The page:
History of the notion

While the complete history of the term has yet to be written, the following high points may be noted.

Greek Fathers. The term μυστήριον is used by the Greek Fathers in many senses. They include the following: 1. The salvific counsels of God, hidden from all eternity in the divine mind, but partly manifested through His Prophets and especially through Christ. 2. The great salutary interventions of God in history, whereby He executes His salvific designs, including especially the decisive events of the Incarnation, Passion, and Resurrection of Christ. 3. The hidden senses of Scripture, especially the typological sense of the Old Testament, which looks forward to Christ and the Church. 4. The Sacraments, as ritual continuations of God's salvific actions in Christ. This sacramental use of the term μυστήριον did not become established until the fourth century, when the mystery religions were no longer serious competitors of Christianity. 5. The pagan cults and rites, for example, those of Eleusis, Attis, Osiris, Cybele, and Mithra (see mystery religions, greco-oriental). 6. In some of the Alexandrian writers (notably Clement), certain esoteric doctrines that, for fear of profanation, should be restricted to an elite among the faithful. 7. In Gregory of Nyssa, objects of mystical knowledge, such as were revealed to Moses and Paul in their ecstasies. 8. Especially in the fourth-century Fathers (Gregory of Nazianzus, Gregory of Nyssa, Chrysostom, etc.), a revealed truth that even to faithful and educated Christians remains obscure by reason of its sublimity.

This last use of the term is particularly important in view of the later development of the notion. The theme of God's incomprehensibility, already set forth by Philo Judaeus in the first century, was strongly emphasized by the orthodox Fathers of the fourth century in opposition to the Eunomians, who maintained that God had so revealed Himself that the Christian believer could fully understand His essence. The anti-Eunomian Fathers developed a markedly negative (or "apophatic") theology, insisting on the total otherness and immeasurable majesty of God. As Rudolf Otto noted in his work, The Idea of the Holy [tr. J. W. Harvey (2d ed. New York 1958)], Chrysostom provides some of the finest expressions of the sense of the "numinous" in ancient Christian literature. With apt illustrations from the Bible, Chrysostom shows how the mysterious presence of the revealing God gives rise to sentiments of consternation, mental disarray, and trembling due to a combination of fear and delight.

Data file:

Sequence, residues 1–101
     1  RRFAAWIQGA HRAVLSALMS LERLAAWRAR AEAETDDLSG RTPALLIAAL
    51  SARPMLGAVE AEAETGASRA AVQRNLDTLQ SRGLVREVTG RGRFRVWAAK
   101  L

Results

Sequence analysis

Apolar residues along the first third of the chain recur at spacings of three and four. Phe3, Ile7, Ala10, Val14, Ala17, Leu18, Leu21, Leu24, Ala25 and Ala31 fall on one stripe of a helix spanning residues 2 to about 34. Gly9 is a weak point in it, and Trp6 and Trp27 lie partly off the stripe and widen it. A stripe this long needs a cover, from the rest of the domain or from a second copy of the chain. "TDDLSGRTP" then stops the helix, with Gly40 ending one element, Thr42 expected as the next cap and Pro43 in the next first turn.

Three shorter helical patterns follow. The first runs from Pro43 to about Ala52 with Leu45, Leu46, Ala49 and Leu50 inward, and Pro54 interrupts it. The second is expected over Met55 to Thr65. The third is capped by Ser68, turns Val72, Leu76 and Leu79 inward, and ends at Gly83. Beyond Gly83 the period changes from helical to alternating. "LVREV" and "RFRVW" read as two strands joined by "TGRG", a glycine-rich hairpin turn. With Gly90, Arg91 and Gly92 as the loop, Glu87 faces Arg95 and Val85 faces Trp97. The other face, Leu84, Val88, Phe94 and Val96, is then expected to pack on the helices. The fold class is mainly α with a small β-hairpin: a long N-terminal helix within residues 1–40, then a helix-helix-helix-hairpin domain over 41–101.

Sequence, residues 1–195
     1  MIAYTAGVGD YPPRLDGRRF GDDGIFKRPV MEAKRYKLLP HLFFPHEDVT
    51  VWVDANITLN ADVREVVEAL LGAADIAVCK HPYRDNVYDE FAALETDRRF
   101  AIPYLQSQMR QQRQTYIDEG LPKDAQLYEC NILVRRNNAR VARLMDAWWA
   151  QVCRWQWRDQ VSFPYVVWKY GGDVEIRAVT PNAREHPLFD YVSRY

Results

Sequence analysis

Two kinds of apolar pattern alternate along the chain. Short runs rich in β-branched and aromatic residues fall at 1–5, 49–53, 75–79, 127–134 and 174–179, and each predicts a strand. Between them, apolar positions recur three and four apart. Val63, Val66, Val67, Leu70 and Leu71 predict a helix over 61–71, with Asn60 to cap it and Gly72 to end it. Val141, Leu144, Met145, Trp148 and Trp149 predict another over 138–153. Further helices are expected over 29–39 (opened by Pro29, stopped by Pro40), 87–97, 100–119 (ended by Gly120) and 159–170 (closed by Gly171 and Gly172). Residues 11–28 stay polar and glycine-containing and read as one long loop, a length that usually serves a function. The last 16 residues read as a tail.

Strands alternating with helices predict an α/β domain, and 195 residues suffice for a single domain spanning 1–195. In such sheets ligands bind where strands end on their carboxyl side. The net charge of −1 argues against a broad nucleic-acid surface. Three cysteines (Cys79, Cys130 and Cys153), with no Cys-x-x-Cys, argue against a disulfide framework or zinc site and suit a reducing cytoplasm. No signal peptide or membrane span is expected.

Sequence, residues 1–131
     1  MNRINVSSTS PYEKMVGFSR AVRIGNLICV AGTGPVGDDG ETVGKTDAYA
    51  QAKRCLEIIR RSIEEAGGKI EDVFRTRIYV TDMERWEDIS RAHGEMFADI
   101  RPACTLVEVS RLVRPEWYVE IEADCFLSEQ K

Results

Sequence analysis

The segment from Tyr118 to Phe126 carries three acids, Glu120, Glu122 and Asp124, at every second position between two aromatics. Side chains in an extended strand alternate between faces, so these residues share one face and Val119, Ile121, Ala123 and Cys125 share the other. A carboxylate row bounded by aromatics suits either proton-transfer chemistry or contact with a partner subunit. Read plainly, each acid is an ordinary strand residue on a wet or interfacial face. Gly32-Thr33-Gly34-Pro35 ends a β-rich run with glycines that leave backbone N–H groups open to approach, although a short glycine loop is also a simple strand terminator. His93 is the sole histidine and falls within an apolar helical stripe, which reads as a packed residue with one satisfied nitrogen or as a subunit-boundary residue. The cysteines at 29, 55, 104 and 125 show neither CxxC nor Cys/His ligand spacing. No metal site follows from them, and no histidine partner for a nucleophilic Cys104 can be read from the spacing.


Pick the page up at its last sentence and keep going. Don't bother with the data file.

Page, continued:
In the sixth century, Pseudo-Dionysius the Areopagite made effective use of the vocabulary, of the mystery religions to inculcate a sense of holy awe. His mystical works, translated into Latin by John Scotus Erigena (c. 850), were to influence the great scholastics, including thomas aquinas.

Latin Fathers and Doctors. In the West the Greek term μυστήριον, especially where it referred to Christian sacred rites, was generally translated  by sacramentum.  But mysterium was also uesd, both to designate the pagan mystery cults and to signify hidden truths,  including the hidden meanings of Scripture. St. Augustine  uses sacramentum and mysterium and almost interchangeably, but with slightly different connotations. Sacramentum refers primarily to the outwardly visible rite or symbol; mysterium refers to the hidden meaning behind it.

The medieval tradition was, on the whole, quite faithful to Augustine in its handling of the terms. Often mysterium was used to denote the spiritual or allegorical significance of Scripture.

St. Thomas Aquinas, relying on the etymology of the word, takes note of hiddenness or secrecy as fundamental to mystery (In Isaiam, prol.). In his theology, the divina mysteria are truths hidden in God, knowable to man only under the veils of faith. Very frequently in Thomas's writings mysterium occurs as the object of the verb credere. Following the biblical practice, he normally applies the term "mystery" not to the inner being of God, but to His redemptive counsels, whether already executed or still to be accomplished in eschatological times. Only on rare occasions does he call the Trinity a mystery, and then principally in connection with the Incarnation, which he terms "the most excellent of all mysteries" (Summa Theologiae 1a, 57.5 obj. 1). For example, in Summa Theologiae 1a2ae, 1.8 he distinguishes between the "secret of the Godhead" (occultum divinitatis, i.e., the Trinity) and the "mystery of Christ's humanity." Except in passages referring to the Eucharist, Thomas practically never calls the Sacraments mysteries. The consecrated wine, he says, is rightly called "mystery of faith" (mysterium fidei ) because the blood of Christ is not apparent to the senses (ibid. 3a, 78.3 ad 5).